Rare is the occasion when black-and-white images convey such color. In “Laundry Hanging,” a photo exhibit at The Joseph Slifka Center for Jewish Life at Yale, Zvika Krieger ’06 presents a series of pictures from the tension-filled area of the Middle East. Krieger is, in his own words, “an observer,” ultimately demonstrating a sense of devastation that just might be able to illuminate a tragedy to a jaded populace.

When a weathered face, caught unaware by the foreign eye of the camera, is contrasted with a bombed-out wall, the story of the Middle East transcends one of mere body counts, shelled villages and perpetual violence. It is the closest, perhaps, a viewer can get to the emotional implications of the Middle East without being personally involved.

He is especially skilled in capturing the day-to-day expressions in the face of one person, and, indeed, some of the most powerful pictures depict one or two people living in the sea of their surroundings. This is no small feat, considering the aesthetics and balance of all the photos. Their black-and-white and underexposure brings out the intricate detail of Jerusalem’s architecture, from the peeling plaster on a wall to the fruit-juice-stained tablecloths of the open market.

There is one photo, for example, taken at the Qalandya Checkpoint (outside a refugee camp), where a head-wrapped woman in a loose shawl seems to retreat against a wall underneath a white sheet as a scant shade. There is little reason to even notice her — half her face is shrouded in darkness. Extending beyond her perch are deep, twisted lines of cracking concrete, sharp graffiti and the swift blurs of other refugees. Yet she is magnetic: The lines of worry that paint her face are enough to draw us into her struggle, even one as simple as avoiding the sun. Finding shelter from the sun is so mundane that the viewer finds a connection, despite the distance and the cultural rift that has prevented some from caring in the past. The color of the picture thus springs from that connection, and no other faculty can bring up more vivid colors than the imagination.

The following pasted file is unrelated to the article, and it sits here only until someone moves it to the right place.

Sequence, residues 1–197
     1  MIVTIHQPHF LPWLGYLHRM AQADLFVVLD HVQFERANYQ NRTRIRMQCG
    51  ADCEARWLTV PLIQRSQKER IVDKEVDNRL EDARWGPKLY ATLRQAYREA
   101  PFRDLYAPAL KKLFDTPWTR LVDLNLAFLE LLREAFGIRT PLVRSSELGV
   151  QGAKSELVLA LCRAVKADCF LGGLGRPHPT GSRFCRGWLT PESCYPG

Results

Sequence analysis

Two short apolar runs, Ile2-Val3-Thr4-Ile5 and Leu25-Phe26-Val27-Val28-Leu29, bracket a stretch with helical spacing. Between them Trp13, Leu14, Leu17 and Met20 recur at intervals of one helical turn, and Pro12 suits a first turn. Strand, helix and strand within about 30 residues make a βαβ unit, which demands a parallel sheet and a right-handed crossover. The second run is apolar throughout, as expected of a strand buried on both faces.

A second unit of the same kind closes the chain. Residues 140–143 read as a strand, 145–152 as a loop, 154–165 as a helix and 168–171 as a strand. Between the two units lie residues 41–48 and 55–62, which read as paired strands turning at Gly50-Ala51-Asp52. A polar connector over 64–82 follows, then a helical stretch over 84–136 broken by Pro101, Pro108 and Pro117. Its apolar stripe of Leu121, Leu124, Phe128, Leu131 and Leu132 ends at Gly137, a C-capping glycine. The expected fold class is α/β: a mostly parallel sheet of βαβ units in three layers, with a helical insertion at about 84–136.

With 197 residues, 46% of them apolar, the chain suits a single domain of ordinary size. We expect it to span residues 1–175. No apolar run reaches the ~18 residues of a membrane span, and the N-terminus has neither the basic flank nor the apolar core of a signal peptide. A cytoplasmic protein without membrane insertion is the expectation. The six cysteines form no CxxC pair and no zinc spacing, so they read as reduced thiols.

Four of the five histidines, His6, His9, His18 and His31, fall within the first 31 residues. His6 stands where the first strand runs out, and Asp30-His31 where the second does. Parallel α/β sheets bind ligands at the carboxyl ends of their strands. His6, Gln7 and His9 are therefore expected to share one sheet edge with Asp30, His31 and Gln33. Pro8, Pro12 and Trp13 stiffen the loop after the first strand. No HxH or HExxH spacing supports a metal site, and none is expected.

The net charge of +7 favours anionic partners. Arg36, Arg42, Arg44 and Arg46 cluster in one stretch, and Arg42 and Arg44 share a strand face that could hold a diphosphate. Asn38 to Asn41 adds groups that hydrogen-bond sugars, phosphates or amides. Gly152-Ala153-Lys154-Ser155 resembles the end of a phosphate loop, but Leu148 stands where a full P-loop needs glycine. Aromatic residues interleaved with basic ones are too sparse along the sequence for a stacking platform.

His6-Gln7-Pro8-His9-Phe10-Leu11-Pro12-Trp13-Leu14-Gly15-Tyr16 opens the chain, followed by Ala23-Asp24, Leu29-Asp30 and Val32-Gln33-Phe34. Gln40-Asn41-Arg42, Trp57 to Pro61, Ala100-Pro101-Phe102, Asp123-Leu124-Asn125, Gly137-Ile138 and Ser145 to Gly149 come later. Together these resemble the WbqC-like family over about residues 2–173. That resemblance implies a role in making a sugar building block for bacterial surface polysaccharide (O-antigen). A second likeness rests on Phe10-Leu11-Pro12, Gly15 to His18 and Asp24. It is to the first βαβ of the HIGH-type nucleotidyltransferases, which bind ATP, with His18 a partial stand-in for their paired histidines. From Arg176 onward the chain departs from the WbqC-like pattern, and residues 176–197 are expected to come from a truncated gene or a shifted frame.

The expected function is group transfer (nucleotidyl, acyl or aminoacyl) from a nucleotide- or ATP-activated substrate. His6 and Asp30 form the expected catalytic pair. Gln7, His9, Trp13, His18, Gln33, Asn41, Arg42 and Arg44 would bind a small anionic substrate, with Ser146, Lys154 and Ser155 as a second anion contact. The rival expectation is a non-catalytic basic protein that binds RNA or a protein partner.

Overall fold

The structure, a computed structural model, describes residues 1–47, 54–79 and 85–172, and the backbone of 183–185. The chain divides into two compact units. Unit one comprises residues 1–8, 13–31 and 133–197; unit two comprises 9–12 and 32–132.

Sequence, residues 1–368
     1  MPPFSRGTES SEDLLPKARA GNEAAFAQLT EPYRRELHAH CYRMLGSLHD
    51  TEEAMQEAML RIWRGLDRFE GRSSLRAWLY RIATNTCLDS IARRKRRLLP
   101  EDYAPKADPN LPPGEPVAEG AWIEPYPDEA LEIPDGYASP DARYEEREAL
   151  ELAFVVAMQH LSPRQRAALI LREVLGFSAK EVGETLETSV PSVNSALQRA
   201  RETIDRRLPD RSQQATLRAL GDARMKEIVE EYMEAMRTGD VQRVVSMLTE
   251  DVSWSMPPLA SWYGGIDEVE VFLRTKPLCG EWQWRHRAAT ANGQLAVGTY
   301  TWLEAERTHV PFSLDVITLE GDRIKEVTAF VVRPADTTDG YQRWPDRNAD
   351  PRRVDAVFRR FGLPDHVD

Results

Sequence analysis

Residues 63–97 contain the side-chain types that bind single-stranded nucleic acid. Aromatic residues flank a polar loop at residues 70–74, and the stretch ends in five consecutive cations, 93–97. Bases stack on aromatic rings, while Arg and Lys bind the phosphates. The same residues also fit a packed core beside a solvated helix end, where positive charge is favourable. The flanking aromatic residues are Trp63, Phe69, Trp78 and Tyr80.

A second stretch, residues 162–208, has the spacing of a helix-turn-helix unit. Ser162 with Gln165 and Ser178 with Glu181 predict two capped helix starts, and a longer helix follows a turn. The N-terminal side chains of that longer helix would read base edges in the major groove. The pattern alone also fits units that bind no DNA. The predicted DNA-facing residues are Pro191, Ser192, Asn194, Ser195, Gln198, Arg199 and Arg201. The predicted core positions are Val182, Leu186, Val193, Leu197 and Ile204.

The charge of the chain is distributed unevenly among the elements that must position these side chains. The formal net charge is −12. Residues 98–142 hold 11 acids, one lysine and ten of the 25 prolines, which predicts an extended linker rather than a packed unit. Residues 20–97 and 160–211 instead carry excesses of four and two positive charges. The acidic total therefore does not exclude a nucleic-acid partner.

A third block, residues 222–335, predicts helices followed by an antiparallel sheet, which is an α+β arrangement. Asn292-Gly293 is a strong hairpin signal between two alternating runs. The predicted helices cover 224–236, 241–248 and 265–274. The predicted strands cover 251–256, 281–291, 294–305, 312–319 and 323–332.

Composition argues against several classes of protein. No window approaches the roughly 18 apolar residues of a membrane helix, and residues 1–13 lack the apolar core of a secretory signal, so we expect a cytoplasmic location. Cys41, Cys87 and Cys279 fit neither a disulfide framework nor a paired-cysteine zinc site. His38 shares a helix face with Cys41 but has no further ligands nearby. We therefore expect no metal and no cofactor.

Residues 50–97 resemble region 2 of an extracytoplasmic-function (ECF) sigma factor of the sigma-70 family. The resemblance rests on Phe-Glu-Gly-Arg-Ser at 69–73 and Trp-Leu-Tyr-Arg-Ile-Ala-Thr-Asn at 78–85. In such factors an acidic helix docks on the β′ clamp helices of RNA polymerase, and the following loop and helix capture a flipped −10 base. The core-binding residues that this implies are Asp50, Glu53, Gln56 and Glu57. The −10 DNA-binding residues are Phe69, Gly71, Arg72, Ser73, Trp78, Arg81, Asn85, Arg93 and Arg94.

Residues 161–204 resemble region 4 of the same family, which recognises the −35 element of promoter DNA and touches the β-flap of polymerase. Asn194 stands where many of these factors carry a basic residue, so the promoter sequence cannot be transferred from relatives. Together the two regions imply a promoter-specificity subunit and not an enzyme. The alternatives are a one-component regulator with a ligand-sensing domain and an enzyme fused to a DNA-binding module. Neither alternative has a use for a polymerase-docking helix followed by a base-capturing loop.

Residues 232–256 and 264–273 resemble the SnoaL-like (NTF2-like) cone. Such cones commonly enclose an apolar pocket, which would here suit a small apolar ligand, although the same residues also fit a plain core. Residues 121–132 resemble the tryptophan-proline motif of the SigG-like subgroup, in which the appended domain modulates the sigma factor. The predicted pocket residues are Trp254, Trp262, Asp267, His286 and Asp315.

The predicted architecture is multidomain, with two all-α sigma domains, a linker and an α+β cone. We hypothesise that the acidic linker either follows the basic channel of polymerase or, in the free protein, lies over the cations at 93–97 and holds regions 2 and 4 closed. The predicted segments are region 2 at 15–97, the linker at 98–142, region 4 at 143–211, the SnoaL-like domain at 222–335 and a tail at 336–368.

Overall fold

The exhibit loses some power when the picture focuses exclusively on the surroundings — it seems they are pictures that we have seen countless times in news briefs on CNN, as was the case of one black-and-white depiction of Arafat’s bombed complex. The impact, unfortunately, is thus dwindled because of sheer overexposure. The power comes instead from pictures of the unexpected, when a sense of normalcy is drawn from the exotic, and the viewer relates to that interaction between citizen and environment.

With this in mind, one could see why it is unfortunate that the setup of the exhibit undermines the impact of the photos themselves. Spread around the room, the photos would have been better served in a room by themselves.

While the pictures themselves are powerful enough to convey a contrast between human and surroundings, the presence of a large table in the middle of the room as well as other announcements scattered around the walls diminish their impact. The setup, however, was conducive in that it forces spectators to lean closer to the picture, closing the distance between viewer and subject.

Nonetheless, even with this slight deterrence, it is worth taking a closer look at “Laundry Hanging,” if only to put a human face on an ongoing barrage of conflict. It is always a good idea to add a gravitas to the news we so casually separate from our own lives.

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